Evolating: A Classic Grounded Theory of Personal Transformation

Judith Wright, Wright Graduate University for the Realization of Human Potential, USA
Robert Wright, Wright Graduate University for the Realization of Human Potential, USA
Gordon Medlock, Wright Graduate University for the Realization of Human Potential, USA


The phases of learning and transformation emerged from this classic grounded theory study of historic transformers and exceptional students revealing the theory of evolating: a multiphase process through which individuals consciously engage in their own transformation and attain otherwise improbable levels of human potential. The theory defines a 6-phase, non-linear process with stages of yearning, engaging, revelating, liberating, rematrixing, and dedicating. While many adults experience the early phases, few proceed through rematrixing and dedicating. The data indicate that evolating among exceptional students who do engage in all the phases predictably leads to a deeper, more accomplished life of greater meaning and purpose. The theory also provides a framework for strategizing learning and growing as well as explaining periods of stagnancy and ineffectual efforts to change attempted by both individuals and institutions. The theory has been used to structure the experiential and academic educational programs of the Foundation, including a graduate-level university curriculum in transformational coaching and leadership and an organizational consulting practice. Further contributions of the theory for the fields of learning psychology, business education, coaching, transformational leadership, and organizational change have been identified as areas for further study, based on this research.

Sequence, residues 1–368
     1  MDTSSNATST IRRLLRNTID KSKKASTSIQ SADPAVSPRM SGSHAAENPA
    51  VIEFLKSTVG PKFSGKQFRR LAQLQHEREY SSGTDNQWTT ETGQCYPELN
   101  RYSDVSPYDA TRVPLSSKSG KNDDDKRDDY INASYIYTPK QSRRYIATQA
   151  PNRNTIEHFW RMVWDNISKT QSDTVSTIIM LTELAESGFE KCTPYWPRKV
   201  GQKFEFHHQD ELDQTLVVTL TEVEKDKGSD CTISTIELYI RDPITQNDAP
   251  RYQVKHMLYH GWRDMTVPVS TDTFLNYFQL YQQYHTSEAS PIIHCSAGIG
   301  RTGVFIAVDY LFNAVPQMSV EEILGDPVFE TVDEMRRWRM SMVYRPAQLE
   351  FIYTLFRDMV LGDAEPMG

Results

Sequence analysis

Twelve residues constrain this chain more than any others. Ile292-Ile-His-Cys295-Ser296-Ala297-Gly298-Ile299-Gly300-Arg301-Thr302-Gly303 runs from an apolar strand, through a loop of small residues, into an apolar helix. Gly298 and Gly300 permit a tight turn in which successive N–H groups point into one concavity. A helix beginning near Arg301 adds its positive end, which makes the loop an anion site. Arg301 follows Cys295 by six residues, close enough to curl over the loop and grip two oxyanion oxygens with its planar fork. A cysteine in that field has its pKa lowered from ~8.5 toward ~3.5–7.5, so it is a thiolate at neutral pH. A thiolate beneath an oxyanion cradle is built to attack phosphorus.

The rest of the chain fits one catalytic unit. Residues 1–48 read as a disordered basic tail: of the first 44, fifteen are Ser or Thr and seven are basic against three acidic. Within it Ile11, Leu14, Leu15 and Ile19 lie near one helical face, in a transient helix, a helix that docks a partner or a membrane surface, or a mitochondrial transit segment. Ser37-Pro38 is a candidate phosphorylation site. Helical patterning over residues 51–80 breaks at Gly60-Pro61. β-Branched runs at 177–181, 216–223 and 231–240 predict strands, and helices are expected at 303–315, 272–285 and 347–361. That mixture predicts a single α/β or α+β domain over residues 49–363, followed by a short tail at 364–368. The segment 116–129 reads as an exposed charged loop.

Keywords: Classic Grounded Theory, Transformation, Personal Growth, Change, Evolating, Yearning,


The desire for transformation and growth is a common yearning within the human experience. While many individuals may aim for excellence, very few are successful in attaining the highest levels of internal development to realize lives of ever-increasing quality, greatness, and meaning. Understanding what distinguishes the journey of the most accomplished can benefit all adults as well as the educators, coaches, and leaders who work on behalf of their growth.

For more than 35 years in the academic setting, we’ve studied well-known transformers and observed, mentored, and supported extraordinary individuals in their progression to advanced levels of development and leadership. In this study, we decipher the stages of personal growth and learning that are unique to the highest achievers among us.